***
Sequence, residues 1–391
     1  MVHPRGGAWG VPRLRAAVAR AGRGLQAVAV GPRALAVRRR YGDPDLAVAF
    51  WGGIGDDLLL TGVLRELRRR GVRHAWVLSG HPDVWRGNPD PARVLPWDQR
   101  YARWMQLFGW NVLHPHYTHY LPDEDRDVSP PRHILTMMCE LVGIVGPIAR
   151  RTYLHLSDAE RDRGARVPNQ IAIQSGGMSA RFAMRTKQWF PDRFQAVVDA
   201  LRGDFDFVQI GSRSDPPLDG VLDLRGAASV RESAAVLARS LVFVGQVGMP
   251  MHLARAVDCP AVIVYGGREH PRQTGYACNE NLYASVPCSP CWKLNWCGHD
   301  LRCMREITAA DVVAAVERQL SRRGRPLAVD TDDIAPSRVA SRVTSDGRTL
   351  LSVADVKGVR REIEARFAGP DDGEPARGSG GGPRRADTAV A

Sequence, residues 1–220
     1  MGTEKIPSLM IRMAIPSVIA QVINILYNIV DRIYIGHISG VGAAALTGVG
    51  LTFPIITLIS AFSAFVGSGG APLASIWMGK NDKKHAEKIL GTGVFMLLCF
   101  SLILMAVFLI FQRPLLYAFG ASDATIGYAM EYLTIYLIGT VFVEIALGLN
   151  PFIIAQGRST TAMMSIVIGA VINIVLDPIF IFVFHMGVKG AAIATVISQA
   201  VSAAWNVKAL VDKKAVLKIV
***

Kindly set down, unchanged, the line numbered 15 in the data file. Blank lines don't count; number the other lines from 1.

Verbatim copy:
   201  VSAAWNVKAL VDKKAVLKIV